What's In Your Name?

Davenports Close to King

Tulsa Daily World Jan 6, 1972 issue (pg 14 Section A)

By: Charles Guarino

 

Contributed by George Davenport

http://www2.coastalnet.com/~c6k8n5nb" TARGET="_NEW">

 

Davenport was one of the earliest surnames in Britain. The name dates back to the time of the conquest of William I. William the Conquerer strengthened the power of his crown by building castles and giving the confiscated land of rebels to his followers.

The Davenports were among these followers given land titles. Ormus de Davenport is listed as one of the Norman King's primary supports.

During this time robbers roamed the forests of Leek and Maccesfiled. An ancient roll shows that these bandits were captured by forces which included several Davenports.

Davenport is an English place name from Davenport, Cheshire, England and was the gateway to the River Daven. The word signifies river, port, haven or harbor.

The Davenport family was also one of the early and important families in America. John Davenport, a zealous Puritan, came to America in the early 1600s where he founded the colony of New Haven.

Humphrey Davenport sailed from Barbadoes to Massachusetts as an early settler, later to settle in Hartford, Conn. A record of Richard Davenport is found in Salem in 1628. Francis Davenport, a mariner, arrived in Boston in 1675.

A silever shield bearing three crosses and a chevron of black depicts the Davenport coat of arms. Heraldic coats of arms bear many various types of crosses and many symbolic interpretations of the cross have accumulated over the centuries.

Generally speaking, however, the cross is associated with the Christian faith. Coat of arms shields were recorded in words, rarely pictured in old documents. There are few colors used in heraldry.

Note: This is from the College of Arms

http://www.college-of-arms.gov.uk/faq.htm

Q. Do coats of arms belong to surnames?

A. No. There is no such thing as a 'coat of arms for a surname'. Many people of the same surname will often be entitled to completely different coats of arms, and many of that surname will be entitled to no coat of arms. Coats of arms belong to individuals. For any person to have a right to a coat of arms they must either have had it granted to them or be descended in the legitimate male line from a person to whom arms were granted or confirmed in the past.

John Scott Davenport JSDDOC@aol.com

(Posted on the Davenport Surname List Jan 7, 2001)

I'm no expert on Heraldry, but I believe that all members of provable
descent from an ennobled ancestor were/are entitled to use the Coat of Arms,
which was/is designed and approved by the College of Heraldry in London.
Without the College, there would have been chaos relative to Coats of Arms,
no rules of design, no protection of designs, and indiscriminate usage, etc.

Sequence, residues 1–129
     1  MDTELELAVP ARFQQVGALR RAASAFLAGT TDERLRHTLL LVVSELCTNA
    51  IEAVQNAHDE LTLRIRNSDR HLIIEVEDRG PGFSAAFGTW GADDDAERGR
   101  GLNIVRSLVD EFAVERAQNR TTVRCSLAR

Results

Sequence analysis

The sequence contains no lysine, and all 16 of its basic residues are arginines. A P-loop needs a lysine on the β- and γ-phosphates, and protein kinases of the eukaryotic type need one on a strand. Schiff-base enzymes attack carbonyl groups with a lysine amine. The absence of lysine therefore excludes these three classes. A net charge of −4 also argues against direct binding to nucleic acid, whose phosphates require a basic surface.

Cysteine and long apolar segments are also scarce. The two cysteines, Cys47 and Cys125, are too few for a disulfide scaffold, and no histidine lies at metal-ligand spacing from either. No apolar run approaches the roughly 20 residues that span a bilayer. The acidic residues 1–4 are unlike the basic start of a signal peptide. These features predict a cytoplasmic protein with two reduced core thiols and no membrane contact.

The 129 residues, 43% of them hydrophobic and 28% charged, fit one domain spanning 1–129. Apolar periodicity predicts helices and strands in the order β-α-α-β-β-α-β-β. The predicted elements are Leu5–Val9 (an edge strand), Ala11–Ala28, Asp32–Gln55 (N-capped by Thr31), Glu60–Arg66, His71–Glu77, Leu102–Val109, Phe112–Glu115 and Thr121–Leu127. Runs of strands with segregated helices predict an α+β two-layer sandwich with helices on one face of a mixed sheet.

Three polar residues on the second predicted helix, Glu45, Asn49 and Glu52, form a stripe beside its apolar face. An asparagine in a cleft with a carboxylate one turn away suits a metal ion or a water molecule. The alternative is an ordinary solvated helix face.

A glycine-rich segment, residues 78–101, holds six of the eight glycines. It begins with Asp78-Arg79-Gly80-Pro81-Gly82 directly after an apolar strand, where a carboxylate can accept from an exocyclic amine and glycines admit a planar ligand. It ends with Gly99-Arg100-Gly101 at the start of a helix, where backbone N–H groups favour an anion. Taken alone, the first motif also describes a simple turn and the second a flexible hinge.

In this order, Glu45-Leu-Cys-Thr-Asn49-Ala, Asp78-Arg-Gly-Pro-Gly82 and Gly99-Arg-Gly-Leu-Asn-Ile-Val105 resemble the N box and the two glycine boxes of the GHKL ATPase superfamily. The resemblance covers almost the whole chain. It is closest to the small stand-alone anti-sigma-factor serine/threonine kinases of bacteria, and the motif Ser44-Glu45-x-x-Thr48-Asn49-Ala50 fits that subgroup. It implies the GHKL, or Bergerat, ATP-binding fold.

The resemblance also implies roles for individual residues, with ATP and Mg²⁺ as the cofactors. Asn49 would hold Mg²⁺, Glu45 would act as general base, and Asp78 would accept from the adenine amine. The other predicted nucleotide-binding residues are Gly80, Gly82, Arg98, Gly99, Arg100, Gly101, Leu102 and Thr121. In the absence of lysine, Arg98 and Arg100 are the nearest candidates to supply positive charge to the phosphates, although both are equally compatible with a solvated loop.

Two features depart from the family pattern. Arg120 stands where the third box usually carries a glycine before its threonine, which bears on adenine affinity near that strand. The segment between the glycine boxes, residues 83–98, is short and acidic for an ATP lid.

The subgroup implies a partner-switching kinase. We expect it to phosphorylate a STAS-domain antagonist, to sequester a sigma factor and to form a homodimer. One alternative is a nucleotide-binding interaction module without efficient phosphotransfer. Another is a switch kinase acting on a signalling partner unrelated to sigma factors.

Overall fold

All of which nevertheless exist today among hucksters of one kind or another.
Coffee mugs emblazoned with a Coat of Arms of some design alleged to belong
to your surname are the rage at the moment.
Those royally empowered to use one of the four versions of the
Davenport Coat of Arms approved by the College of Heraldry, which exists
today purely for antiquity worship, historical color and ego trips, were/are
those who can trace back, legitimately or illegitimately, to the titled
ancestor. Originally only the heir-at-law-eldest, most direct male had the
title and the Coat of Arms, but that has long gone by the wayside. In later
centuries family member of titled lines and lesser status used it with
impunity. Acknowledged or proven bastards of titled ancestry could use the
Coat as long as a black bar was imposed diagonally across the design. This
was known as the "Bar Sinister" and was worn with pride by some.
There is a formal nomenclature relative to what a Coat of Arms must
contain in terms of elements and design integrity. Frankly, today anyone who
wants to use a Coat of Arms, official or one of their own making, can do so.
But there is enough snobbery and family pride left among British nobility,
although they no longer have any power other than ceremonial, that the
College of Heraldry continues to thrive, being supported in part by the
Crown, Parliament, and the Nobility as one of Great Britain's many attractive
tourist traps. I understand that most of the College's income today is
derived from Americans with delusions of grandeur.
Those traditionally entitled to use one of the four versions of the
Official Davenport Court or Arms are identified in "Burke's Peerage," the
blue book of British Royalty, which like the "World Almanac" is revised and
issued every year. A copy of "Burke's Peerage" costs around $750, the last I
heard twenty years ago. (It's not something that I consider one of life's
necessities.) Public Libraries in metropolitan centers generally have back
editions, donated for in-kind tax credits, in most instances, from wealthy
patrons. The LDS Family History Library in Salt Lake City has microfilm
copies of most of the editions, going back to the beginning, 1815 if I recall
correctly, and missing only a few years.
There are several on the DAVENPORT-L Rootsweb subscriber list who
likely can do a better job about this than I can. But as long as you asked,
that's the extent of my knowledge. Hope it helps.
John Scott Davenport
Holmdel, NJ

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